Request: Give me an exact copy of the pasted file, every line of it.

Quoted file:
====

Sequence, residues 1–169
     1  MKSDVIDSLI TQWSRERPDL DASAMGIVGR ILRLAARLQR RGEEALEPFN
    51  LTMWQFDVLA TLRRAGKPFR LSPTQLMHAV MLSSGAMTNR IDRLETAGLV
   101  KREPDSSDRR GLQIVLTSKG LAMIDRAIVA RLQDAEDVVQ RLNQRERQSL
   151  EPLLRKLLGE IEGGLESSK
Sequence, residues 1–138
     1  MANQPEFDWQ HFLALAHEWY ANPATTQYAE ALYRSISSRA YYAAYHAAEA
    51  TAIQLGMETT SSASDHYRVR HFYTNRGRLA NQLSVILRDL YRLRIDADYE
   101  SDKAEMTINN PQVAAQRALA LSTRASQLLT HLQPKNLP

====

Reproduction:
Sequence, residues 1–169
     1  MKSDVIDSLI TQWSRERPDL DASAMGIVGR ILRLAARLQR RGEEALEPFN
    51  LTMWQFDVLA TLRRAGKPFR LSPTQLMHAV MLSSGAMTNR IDRLETAGLV
   101  KREPDSSDRR GLQIVLTSKG LAMIDRAIVA RLQDAEDVVQ RLNQRERQSL
   151  EPLLRKLLGE IEGGLESSK
Sequence, residues 1–138
     1  MANQPEFDWQ HFLALAHEWY ANPATTQYAE ALYRSISSRA YYAAYHAAEA
    51  TAIQLGMETT SSASDHYRVR HFYTNRGRLA NQLSVILRDL YRLRIDADYE
   101  SDKAEMTINN PQVAAQRALA LSTRASQLLT HLQPKNLP